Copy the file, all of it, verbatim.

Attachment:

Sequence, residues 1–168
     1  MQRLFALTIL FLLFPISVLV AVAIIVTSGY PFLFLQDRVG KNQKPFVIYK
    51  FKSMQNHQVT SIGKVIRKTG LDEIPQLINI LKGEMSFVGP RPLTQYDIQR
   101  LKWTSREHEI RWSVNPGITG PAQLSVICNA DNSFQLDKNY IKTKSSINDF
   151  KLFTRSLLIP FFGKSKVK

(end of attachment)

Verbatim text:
Sequence, residues 1–168
     1  MQRLFALTIL FLLFPISVLV AVAIIVTSGY PFLFLQDRVG KNQKPFVIYK
    51  FKSMQNHQVT SIGKVIRKTG LDEIPQLINI LKGEMSFVGP RPLTQYDIQR
   101  LKWTSREHEI RWSVNPGITG PAQLSVICNA DNSFQLDKNY IKTKSSINDF
   151  KLFTRSLLIP FFGKSKVK